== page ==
RAR | 7 (1, 42) | 0 (0, 0) | 0 (0, 0) | 1 (0, 4) | 2 (0, 11) | 5 (1, 33) | |

0.01 | AR | 67 (62, 72) | 58 (57, 58) | 57 (57, 57) | 59 (58, 64) | 61 (58, 68) | 65 (60, 71) |

RAR | 38 (18, 64) | 2 (2, 3) | 3 (3, 3) | 9 (5, 24) | 14 (6, 43) | 29 (12, 59) | |

0.1 | AR | 72 (71, 73) | 63 (63, 63) | 63 (63, 63) | 67 (66, 71) | 69 (67, 72) | 72 (70, 73) |

RAR | 66 (60, 71) | 17 (15, 18) | 18 (18, 18) | 39 (32, 57) | 49 (38, 65) | 62 (54, 69) |

We conducted an extensive sensitivity analysis to investigate explicitly how the benefits of ECC and SMC in hedging against resistance varied across the space of unknown parameter values (_{0}, where large-scale antiviral intervention was able to make a significant reduction in attack rate (up to 40%) yet the spread of resistance was likely under monotherapy. In all cases, a hedge was more useful for higher values of _{A}_{0} and _{A}_{A}_{B}_{0} and _{A}_{B}_{A}_{B}

We used Latin-hypercube sampling to generate 1,000 combinations of the following parameters: basic reproductive number _{0}, linear scale on interval (1,3); generation time _{G}_{A}^{−5}, 1); probability of emergence of resistance to the secondary antiviral _{B}^{−5}, 1); synergistic effects of combination therapy in reducing the rates of emergence of resistance ^{−7}, 1)). A probability of treatment of _{T}_{T}_{A}_{B}_{A}_{0} determined the usefulness of a hedge against the emergence of resistance. Main chart, frequency of parameter combinations versus the increase in monotherapy AR due to resistance, AR(MONO)−AR(MONO/R); inset charts, parameter subsets for AR(MONO)−AR(MONO/R)<1% (left) and >1% (right, Set H), points are colored as per the _{A}_{B}_{B}_{A}_{c}_{c}_{c}_{c}_{B}_{A}_{B}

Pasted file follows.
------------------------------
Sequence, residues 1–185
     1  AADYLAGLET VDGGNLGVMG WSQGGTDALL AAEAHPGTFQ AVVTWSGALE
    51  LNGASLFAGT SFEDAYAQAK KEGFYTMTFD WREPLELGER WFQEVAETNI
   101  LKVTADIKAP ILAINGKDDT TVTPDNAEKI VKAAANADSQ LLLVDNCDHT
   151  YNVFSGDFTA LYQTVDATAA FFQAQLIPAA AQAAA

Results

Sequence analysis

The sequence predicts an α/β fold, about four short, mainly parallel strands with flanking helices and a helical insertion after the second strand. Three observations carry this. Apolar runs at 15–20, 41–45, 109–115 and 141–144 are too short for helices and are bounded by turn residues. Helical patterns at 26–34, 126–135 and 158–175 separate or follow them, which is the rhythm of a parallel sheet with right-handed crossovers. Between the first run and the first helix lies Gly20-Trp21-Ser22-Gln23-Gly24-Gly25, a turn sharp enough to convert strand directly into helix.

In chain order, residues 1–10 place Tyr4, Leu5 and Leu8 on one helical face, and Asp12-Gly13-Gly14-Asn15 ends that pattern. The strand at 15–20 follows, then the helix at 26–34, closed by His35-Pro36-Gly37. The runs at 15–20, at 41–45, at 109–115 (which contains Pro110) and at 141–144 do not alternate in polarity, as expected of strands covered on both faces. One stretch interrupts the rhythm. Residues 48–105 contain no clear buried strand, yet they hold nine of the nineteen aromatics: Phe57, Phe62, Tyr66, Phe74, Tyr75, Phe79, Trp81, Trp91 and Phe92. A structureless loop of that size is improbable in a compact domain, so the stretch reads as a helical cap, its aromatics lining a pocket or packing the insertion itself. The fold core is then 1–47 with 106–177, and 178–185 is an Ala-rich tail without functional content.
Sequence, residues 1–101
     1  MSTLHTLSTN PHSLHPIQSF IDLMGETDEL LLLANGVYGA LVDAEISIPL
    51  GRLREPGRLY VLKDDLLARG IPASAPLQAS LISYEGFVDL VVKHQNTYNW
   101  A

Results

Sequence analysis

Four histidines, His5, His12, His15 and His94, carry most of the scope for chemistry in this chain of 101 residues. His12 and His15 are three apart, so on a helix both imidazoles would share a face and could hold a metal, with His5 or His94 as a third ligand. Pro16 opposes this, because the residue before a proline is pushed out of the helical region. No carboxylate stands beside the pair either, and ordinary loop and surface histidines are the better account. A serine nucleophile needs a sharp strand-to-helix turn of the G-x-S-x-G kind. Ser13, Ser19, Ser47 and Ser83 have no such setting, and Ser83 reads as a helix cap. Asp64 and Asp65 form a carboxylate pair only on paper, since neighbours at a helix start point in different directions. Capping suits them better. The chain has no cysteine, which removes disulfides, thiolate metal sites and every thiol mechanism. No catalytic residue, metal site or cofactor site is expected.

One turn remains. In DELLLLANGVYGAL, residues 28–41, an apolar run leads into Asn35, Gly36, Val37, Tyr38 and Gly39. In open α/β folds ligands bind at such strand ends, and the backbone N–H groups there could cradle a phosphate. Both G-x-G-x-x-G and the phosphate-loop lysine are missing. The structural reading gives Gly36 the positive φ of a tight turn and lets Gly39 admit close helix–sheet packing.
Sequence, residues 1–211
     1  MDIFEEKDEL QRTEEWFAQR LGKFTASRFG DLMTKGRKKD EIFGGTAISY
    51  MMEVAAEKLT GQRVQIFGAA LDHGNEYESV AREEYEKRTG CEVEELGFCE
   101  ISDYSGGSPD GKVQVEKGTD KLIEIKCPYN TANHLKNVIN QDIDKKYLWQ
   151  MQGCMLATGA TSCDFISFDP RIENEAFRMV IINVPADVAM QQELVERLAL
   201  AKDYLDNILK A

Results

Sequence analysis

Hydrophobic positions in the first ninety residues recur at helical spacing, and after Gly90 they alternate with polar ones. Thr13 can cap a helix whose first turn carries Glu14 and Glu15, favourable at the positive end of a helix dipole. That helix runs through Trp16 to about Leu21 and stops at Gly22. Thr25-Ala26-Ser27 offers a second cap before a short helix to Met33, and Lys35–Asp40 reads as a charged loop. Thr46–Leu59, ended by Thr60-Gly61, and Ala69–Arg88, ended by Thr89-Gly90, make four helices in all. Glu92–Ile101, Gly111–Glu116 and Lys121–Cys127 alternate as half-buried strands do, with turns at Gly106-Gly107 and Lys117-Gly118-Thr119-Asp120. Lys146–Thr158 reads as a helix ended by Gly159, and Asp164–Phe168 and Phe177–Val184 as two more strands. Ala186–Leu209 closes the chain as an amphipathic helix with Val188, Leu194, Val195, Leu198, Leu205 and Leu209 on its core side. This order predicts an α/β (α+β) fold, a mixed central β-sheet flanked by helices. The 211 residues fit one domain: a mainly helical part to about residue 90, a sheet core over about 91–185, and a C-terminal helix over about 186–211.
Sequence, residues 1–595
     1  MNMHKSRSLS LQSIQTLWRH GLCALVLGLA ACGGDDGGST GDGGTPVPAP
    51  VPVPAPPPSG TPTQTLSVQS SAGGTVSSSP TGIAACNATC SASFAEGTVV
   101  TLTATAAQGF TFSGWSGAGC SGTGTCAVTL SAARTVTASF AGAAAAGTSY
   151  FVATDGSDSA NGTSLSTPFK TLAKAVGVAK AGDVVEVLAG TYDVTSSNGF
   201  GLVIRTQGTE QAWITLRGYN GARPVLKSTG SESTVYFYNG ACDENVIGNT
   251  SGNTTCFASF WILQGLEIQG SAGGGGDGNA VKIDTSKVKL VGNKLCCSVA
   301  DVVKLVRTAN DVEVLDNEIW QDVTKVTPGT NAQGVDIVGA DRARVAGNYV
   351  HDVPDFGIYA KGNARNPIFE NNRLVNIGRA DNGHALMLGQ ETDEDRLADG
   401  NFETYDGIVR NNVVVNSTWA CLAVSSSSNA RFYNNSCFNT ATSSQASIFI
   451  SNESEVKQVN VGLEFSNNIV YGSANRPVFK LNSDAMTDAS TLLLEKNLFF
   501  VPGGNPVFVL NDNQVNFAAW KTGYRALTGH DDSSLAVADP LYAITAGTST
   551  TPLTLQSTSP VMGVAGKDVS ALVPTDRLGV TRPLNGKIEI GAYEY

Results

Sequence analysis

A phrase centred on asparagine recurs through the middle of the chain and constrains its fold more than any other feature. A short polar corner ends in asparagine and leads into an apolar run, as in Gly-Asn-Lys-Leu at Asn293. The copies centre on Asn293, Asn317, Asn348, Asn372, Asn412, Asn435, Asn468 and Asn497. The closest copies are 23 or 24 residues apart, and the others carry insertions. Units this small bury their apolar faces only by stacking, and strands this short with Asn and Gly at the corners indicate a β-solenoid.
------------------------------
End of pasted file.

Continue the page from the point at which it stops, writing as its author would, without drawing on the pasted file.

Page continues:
The choice between ECC and SMC is particularly sensitive to the synergy parameter _{T}_{T}

In the global context, the analysis described so far applies to a “source population,” one whose epidemic takes off early enough in the pandemic so that the importation of resistant viruses is not a significant risk. However, given the high connectivity among populations in the global network, it was not apparent that ECC or SMC would also be effective for other populations (downstream populations), because they would more likely be seeded by resistant strains than would source populations. Therefore, to investigate the effectiveness of ECC and SMC at a global scale, we simulated the international spread of a multistrain influenza pandemic over a network of 105 major cities with Hong Kong as the source

Hong Kong (HK) is the source of infection in the network with 30 wild-type seeds on day 0. Twenty-eight cities implement large-scale antiviral intervention: Hong Kong, London, New York, Geneva, and 24 other cities (randomly chosen for each stochastic realization). Cities that implemented SMC had a drug B stockpile coverage of 1%. In this 4-by-4 chart panel, each row corresponds to a city (Hong Kong, London, New York or Geneva) and each column (A–D) corresponds to a different scenario. Each panel is the 2-D histogram (1,000 realizations) of attack rate (_{s}

If only monotherapy was used, the importation of resistance promoted the spread of the resistant strain and downstream populations had higher ARs and RARs, e.g., New York had a higher AR and RAR than London because the pandemic reached New York later, with a higher proportion of introduced infections being resistant (

If all 28 populations that had stockpiles of antivirals implemented SMC rather than monotherapy, reductions in AR and RAR in these populations were similar to those in a single source population (

The source population was the key to the robustness of SMC as a resistance-limiting strategy at the global scale. If the source population implemented only monotherapy, then SMC had little benefit in any downstream population (_{A}